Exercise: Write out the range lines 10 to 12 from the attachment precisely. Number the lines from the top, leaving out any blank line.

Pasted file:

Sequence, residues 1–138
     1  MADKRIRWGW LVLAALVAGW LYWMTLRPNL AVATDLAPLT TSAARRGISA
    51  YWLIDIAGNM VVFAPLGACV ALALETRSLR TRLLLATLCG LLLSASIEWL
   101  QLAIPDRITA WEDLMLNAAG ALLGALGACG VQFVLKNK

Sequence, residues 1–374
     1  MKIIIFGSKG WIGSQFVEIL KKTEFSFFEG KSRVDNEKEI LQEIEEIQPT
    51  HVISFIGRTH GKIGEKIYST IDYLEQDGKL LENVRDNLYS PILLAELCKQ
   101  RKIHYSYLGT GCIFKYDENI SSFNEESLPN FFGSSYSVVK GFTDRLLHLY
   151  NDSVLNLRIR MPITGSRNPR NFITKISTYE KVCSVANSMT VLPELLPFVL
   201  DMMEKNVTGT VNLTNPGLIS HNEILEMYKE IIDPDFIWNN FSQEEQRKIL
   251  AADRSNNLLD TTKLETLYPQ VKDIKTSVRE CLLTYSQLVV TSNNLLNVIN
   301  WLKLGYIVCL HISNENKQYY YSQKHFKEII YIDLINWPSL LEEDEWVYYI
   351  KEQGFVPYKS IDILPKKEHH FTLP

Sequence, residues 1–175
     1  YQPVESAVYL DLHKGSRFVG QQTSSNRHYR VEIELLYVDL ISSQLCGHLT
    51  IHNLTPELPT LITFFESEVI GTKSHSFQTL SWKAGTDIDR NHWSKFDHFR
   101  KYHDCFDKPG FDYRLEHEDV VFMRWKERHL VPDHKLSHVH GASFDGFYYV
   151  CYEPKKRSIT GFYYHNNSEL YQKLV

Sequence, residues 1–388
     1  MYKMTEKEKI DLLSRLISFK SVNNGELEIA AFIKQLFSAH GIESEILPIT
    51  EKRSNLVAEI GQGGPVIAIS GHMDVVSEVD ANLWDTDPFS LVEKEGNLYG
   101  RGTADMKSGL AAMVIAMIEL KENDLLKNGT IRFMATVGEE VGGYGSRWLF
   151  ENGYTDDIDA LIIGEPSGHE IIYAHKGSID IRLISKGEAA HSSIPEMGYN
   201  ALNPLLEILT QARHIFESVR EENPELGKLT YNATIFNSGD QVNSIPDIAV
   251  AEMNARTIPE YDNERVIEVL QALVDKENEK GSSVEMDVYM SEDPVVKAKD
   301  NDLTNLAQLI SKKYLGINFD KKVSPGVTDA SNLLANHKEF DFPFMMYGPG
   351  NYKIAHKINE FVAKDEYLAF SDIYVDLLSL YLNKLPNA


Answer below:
   201  DMMEKNVTGT VNLTNPGLIS HNEILEMYKE IIDPDFIWNN FSQEEQRKIL
   251  AADRSNNLLD TTKLETLYPQ VKDIKTSVRE CLLTYSQLVV TSNNLLNVIN
   301  WLKLGYIVCL HISNENKQYY YSQKHFKEII YIDLINWPSL LEEDEWVYYI